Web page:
Discussing the current qualifications available, she said that the market is overpopulated with hundreds of qualifications, which are confusing and often not fit for purpose. Many cannot equip the workforce with the knowledge and skills necessary. She listed essential components of an early years qualification:
- Child development theory
- Special Educational Needs and Disability
- Inclusion and Diversity
- Covering the age range birth to seven
Professor Nutbrown has recommended that level 3 be the minimum for everyone working within the early years, by 2022. At this, the auditorium applauded loudly! She responded by saying that it is essential to raise the expectations of the workforce and that she was recommending practitioners must have achieved at least a level 2 in English and Maths prior to entry onto a level 3 qualification pathway.
Turning her attention to tutors on the various qualifications available, she insisted that they must remain up to date in their practice and CPD. New staff should be included in a mentoring support programme for the first six months, and there should be clear progression routes to EYPS. Strong leadership is essential, and teaching qualifications have been shown to have a significant impact on quality. She recommended there be an early years specialist route, studying the learning and development of babies and young children from birth to seven years of age, and that such teacher training would be "building on EYPS". She observed that EYPS does not have parity with QTS.
Finally, Professor Nutbrown discussed the possibility of introducing an early years licensing system, perhaps issued from a Royal College of Education. Having considered this in depth, she concluded that this would perhaps not bring any added value. Would it raise the status? Would it improve quality? There would be no guarantee, and it would certainly be very expensive to set up and maintain. She ended by saying if her recommendations are accepted and adhered to, the licensing system would not be needed.
Ending her talk, Professor Nutbrown stated that she did not underestimate the financial implications of her recommendations, but that we "cannot afford to compromise on quality of education and care for babies and young children".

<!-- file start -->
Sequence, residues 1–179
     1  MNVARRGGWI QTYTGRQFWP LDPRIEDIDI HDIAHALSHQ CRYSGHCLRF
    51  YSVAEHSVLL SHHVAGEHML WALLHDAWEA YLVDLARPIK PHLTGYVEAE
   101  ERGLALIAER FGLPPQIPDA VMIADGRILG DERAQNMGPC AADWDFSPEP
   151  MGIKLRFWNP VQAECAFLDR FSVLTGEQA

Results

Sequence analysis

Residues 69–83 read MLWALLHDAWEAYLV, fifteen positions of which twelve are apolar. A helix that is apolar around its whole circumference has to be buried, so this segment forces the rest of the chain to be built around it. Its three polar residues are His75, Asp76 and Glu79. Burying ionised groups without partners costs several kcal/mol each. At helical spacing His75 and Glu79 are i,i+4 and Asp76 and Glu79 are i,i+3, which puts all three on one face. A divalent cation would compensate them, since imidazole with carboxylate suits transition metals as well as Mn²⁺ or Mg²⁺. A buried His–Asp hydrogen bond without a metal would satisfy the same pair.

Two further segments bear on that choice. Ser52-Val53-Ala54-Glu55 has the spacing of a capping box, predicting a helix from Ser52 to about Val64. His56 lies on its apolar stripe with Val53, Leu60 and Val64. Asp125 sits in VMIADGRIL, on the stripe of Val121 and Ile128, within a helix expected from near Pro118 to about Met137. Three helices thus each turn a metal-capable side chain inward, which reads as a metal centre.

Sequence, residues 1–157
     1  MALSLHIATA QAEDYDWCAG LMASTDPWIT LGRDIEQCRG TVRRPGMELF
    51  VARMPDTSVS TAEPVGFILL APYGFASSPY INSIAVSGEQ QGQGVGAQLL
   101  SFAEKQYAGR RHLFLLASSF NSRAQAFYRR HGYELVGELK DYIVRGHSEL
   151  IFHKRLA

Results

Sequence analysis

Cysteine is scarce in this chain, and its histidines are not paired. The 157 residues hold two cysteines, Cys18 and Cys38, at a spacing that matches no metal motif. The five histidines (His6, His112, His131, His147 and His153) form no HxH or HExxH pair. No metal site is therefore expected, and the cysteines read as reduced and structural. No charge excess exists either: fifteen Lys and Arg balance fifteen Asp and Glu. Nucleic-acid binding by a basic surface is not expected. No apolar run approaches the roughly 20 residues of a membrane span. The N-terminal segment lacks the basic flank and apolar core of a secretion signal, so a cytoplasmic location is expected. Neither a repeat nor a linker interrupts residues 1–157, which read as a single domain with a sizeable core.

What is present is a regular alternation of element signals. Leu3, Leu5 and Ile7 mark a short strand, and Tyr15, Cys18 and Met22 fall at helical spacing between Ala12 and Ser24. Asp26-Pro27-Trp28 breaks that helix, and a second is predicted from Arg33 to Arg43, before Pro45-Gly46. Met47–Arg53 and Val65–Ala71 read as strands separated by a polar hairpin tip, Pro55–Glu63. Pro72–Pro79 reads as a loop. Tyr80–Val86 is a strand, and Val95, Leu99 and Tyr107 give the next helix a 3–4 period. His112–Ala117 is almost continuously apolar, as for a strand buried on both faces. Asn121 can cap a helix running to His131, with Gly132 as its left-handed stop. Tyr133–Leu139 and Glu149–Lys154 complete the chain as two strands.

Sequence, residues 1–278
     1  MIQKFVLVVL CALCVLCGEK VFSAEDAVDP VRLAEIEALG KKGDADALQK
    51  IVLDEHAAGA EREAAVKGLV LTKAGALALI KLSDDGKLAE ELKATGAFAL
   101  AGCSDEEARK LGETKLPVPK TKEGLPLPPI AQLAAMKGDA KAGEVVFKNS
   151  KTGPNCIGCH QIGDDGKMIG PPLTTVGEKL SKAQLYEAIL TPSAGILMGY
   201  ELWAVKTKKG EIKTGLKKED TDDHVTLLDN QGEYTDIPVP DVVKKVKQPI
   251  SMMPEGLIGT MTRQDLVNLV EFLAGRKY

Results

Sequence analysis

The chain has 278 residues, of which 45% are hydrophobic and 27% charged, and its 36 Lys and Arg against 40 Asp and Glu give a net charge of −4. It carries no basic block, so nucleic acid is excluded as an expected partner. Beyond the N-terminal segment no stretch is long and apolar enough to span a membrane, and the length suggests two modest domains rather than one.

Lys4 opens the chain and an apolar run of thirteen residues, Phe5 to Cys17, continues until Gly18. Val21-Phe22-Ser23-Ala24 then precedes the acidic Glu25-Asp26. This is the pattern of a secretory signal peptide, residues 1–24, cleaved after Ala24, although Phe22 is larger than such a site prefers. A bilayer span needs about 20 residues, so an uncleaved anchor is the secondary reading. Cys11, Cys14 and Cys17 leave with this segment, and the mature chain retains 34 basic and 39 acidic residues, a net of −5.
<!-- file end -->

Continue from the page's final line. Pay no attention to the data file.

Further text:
Graham Allen MP (Chair, The Early Intervention Review Team) introduced the concept of an Early Intervention Foundation, to promote early intervention systems and procedures. He presented the financial implications of following the pre-emptive process of early intervention, and the figures were very convincing. Clearly, early intervention does offer the opportunity to be more successful and cheaper than the alternatives. He discussed the concept of supporting individuals to develop their social and emotional capabilities, where they can make some informed choices in their lives, for example, when to have a baby or to engage in sexual activity. For further information on this subject, please see Early Intervention: The Next Steps (January 2011) and Early Intervention: Smart Investment, Massive Savings (July 2011). The government will be voting on whether or not to support the creation of an Early Intervention Foundation.
Sue Robb (Head of Early Years, 4Children) led one of the afternoon seminars, launching the parents' guide to the EYFS. Apologising for its delay, she blamed No 10 Downing Street for hanging onto it, and not releasing it for publication until the previous day! Here are the main points she covered:
- Parents contributing to the Nutbrown review stated that they didn't understand the EYFS
- "Parents" has been largely replaced by "Mums and Dads" because many fathers thought "parents" excluded them
- The aims of the guide are to explain what the EYFS is about; to outline what mums and dads can expect from a child's setting and how they can support their own child's learning; to explain assessment processes; to share what and how their child will be learning
- Parents said during the consultation process that they don't like receiving lots of paper from their child's setting as it usually gets lost. They requested strongly that the guide should be available online and accessible via a selection of apps. Ms Robb said this was "a real message on how we should communicate with parents"